• The business is in a market that is different than the market served by the infringer
• The business cannot earn a profit and/or does not have a history of earning a profit

The Reasonable Royalty approach provides a possible solution to quantifying damages in situations such as those described above. Reasonable Royalty approach focuses on what the market would pay for the rights to the technology in dispute.

Reasonable Royalty payments generally follow one, or a combination, of the following three approaches:

1. One-time payment
3. Dollar amount applied to units of the product sold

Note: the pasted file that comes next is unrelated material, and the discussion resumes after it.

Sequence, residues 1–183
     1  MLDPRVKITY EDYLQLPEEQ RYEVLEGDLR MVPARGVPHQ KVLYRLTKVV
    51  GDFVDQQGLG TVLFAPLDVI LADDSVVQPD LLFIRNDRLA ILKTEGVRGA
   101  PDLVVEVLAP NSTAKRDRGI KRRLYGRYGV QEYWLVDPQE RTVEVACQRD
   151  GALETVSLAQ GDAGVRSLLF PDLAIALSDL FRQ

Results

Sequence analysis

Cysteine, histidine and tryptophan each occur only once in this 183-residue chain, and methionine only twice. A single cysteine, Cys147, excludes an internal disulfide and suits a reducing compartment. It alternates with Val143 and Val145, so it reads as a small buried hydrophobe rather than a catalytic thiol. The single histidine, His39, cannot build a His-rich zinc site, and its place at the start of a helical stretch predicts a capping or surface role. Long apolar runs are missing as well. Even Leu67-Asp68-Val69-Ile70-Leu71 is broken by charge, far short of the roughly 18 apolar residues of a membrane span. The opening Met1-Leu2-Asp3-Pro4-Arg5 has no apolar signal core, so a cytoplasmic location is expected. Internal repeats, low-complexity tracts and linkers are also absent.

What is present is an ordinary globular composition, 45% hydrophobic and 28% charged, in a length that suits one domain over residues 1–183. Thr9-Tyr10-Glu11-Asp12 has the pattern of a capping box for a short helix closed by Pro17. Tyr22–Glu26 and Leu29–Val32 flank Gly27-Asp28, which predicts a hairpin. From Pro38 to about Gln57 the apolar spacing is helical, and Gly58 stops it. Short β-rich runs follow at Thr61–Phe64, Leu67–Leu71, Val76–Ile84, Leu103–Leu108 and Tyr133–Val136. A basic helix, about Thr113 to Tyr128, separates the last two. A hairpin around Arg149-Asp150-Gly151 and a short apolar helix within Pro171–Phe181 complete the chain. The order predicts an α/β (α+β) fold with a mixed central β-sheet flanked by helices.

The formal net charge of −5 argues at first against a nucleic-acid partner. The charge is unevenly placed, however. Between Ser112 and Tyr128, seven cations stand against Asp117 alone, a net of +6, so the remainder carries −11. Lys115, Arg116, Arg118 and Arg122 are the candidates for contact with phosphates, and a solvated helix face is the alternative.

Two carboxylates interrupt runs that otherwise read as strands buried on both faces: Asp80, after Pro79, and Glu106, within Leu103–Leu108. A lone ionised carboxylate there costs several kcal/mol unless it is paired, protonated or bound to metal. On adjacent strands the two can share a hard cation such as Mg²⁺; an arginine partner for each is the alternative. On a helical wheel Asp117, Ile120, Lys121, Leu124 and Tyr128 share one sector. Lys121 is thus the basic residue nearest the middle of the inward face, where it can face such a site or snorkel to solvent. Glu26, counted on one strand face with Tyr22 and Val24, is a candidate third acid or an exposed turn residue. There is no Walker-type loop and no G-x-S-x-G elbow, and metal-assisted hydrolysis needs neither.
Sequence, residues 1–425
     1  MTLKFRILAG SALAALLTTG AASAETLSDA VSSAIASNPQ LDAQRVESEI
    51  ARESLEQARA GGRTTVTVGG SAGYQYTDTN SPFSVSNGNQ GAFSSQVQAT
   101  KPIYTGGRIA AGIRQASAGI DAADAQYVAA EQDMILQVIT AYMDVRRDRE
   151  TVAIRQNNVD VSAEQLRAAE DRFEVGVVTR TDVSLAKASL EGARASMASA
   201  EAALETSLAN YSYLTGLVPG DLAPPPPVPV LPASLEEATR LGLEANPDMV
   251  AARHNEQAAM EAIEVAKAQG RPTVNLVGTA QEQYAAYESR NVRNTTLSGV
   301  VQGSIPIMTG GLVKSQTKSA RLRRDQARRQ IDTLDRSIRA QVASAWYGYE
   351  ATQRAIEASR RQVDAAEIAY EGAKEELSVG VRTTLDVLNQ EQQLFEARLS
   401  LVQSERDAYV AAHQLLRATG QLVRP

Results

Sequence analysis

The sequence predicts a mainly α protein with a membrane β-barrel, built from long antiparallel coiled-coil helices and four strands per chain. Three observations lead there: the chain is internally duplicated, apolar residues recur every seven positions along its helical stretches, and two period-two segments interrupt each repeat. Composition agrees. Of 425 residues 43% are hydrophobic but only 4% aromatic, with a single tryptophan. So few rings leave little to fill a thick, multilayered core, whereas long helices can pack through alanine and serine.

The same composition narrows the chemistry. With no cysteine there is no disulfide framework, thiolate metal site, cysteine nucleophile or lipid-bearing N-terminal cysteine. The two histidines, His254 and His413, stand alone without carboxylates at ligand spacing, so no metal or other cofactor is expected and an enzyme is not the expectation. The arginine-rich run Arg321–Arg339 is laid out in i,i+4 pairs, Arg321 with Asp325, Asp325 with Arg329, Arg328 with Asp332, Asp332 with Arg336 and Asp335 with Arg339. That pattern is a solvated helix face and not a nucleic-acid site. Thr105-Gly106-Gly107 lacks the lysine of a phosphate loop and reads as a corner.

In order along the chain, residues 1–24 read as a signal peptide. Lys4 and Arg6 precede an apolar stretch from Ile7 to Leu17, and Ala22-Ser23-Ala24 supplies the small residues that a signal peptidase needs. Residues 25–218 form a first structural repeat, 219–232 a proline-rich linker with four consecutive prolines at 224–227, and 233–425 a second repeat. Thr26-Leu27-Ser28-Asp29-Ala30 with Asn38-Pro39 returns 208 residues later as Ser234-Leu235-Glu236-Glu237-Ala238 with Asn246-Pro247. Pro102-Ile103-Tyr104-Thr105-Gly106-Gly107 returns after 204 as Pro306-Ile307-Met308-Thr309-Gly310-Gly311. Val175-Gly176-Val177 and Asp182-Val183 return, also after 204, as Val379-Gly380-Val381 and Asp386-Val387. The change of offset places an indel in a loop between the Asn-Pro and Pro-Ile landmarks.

Since the Reasonable Royalty approach, based on the Georgia Pacific factors, focuses on what the market would pay for the rights to the technology, this approach may not necessarily reflect the impact of market price erosion. This is because the very nature of the hypothetical negotiation assumes that there will be another competitor in the market, the hypothetical buyer. Additionally, the hypothetical negotiation may not be able to reflect the actual profit performance of the plaintiff if the hypothetical buyer has a profit performance history that is significantly below the profitability of the hypothetical seller, since the "hypothetical buyer" will not likely agree to a royalty rate that exceeds its own profit rate. Because of these potential outcomes, the Reasonable Royalty amount has in some cases been adjusted for discretionary adjustments intended to compensate the patent holder for perceived under compensation. It is very difficult to predict if a court will allow the reasonable royalty to be modified to correct for alleged compensation shortcomings, so reliance on this outcome may be risky.